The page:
Both of these guys are entirely deserving of the honor. We asked them who inspires their cooking, and why. The answers:
Cole said it would be his wife and three girls because they all have individual tastes. "My oldest daughter Aubrey only eats earth tones, and my middle daughter Larkin only eats fruits that are primary colors." (We think that's the kind of challenge that inspires innovation.)
Wadi said, "My staff inspires me. I want employees here to be proud of the food we serve, from dishwashers to my business partner and brother; I do it for them." (Wadi and Cole are both such family guys! Famous chefs, they're just like us.)Now vote!
Here's a little bit more about the two competitors.
Tyson Cole: "His food doesn't taste like anyone else's." That's the opinion offered by our senior editor Roxanne Webber, who visited Cole's Uchiko while on CHOW Tour in Austin. The chef is a white Florida native making sushi because "selfishly, it's the restaurant I wanted to eat at." And according to Brett Anderson, writing about Cole's first restaurant, Uchi, in the Oxford American, "he has created one of the country's great Japanese restaurants" in Texas. Cole worked his way up, learning the basics but also refining his personal style, melding Japanese technique and ingredients with wisps of flavor innovation—particularly in his pairing of seafood and citrus. Alan Richman anointed Uchiko, the Japanese farmhouse-style restaurant that Cole opened last summer, one of the 10 best new restaurants in the U.S. in January. Coming in November: Uchi Houston.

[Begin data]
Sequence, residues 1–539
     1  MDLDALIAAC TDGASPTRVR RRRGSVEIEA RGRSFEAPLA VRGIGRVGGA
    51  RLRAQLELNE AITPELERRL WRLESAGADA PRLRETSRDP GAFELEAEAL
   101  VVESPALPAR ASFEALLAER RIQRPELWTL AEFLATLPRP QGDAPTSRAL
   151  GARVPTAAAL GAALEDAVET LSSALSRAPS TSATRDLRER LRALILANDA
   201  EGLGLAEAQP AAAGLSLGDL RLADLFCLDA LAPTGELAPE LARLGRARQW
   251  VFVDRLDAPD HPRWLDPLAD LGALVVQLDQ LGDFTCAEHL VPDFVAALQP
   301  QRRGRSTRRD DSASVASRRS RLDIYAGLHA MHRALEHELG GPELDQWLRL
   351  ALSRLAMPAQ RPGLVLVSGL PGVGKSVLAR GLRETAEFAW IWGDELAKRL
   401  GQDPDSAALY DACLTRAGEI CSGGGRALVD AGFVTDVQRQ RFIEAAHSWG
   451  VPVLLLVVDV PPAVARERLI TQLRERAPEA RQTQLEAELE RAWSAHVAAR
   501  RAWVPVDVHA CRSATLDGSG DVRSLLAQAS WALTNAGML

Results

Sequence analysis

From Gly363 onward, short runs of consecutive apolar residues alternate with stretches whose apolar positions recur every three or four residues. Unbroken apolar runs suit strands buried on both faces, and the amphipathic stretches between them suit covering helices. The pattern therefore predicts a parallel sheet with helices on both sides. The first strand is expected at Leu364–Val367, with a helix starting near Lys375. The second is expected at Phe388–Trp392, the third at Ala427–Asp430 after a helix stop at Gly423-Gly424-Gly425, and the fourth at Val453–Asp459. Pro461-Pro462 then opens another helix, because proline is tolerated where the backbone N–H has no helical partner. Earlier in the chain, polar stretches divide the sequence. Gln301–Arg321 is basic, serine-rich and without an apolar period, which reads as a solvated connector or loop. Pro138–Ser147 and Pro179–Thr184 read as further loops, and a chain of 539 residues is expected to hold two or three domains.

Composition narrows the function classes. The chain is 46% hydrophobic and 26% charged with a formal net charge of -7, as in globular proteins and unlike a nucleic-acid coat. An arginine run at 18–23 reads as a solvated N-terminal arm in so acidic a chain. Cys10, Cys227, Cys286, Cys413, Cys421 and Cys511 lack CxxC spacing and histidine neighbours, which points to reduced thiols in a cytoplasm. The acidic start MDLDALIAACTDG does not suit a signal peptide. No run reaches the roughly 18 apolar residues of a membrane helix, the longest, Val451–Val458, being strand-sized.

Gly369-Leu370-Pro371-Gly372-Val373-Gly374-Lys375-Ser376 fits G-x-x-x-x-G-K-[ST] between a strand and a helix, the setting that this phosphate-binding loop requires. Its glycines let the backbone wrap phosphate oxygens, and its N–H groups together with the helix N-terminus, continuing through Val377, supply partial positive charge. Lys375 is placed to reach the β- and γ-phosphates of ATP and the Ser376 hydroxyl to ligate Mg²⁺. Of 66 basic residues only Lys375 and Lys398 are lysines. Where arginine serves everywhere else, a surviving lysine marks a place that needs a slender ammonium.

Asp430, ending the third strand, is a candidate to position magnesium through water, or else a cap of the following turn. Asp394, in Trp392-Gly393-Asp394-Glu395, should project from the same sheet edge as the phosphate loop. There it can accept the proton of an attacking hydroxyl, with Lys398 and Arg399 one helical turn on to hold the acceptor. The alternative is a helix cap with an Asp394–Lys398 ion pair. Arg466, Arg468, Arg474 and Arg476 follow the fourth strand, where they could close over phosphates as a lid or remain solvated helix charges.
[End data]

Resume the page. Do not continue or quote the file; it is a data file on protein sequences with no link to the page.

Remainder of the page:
Sameh Wadi: He apparently had very advanced tastes from an early age (according to his brother, Saed). While in culinary school, he sought out the only person in Minneapolis cooking anything near Middle Eastern food (it was Tim McKee, at Solera—and it was North African), and got a job there. He and his brother opened Saffron in 2007, and found themselves selling out of lamb brains every night. Wadi quickly realized that he couldn't find prepared spice blends with the flavor he wanted ("It was all diluted crap," he told CHOW contributor James Norton, writing for Heavy Table). So he and his brother started a side business, making their own blends of things like ras el hanout. As a fresh-faced 25-year-old, he was the youngest challenger to appear on Iron Chef America in 2010, and also the first from Minnesota—he was bested by Iron Chef Morimoto in a mackerel battle. And he was a semifinalist for this year's James Beard Rising Star award. He's also (in his spare time?) working on a Palestinian cookbook, based on the recipes of his parents and his own modern versions. And then there's the almost-requisite food truck: His is World Street Kitchen, which serves a panoply of international street food, like banh mi sandwiches, tortas, and pho.